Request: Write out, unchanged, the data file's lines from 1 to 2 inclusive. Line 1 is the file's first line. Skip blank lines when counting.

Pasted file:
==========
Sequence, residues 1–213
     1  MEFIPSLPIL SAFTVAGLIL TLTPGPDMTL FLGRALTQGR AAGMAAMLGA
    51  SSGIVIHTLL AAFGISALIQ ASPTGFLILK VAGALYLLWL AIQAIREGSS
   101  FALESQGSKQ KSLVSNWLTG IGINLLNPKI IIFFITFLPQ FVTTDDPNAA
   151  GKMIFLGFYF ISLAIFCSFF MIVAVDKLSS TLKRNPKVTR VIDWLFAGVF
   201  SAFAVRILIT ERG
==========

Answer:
Sequence, residues 1–213
     1  MEFIPSLPIL SAFTVAGLIL TLTPGPDMTL FLGRALTQGR AAGMAAMLGA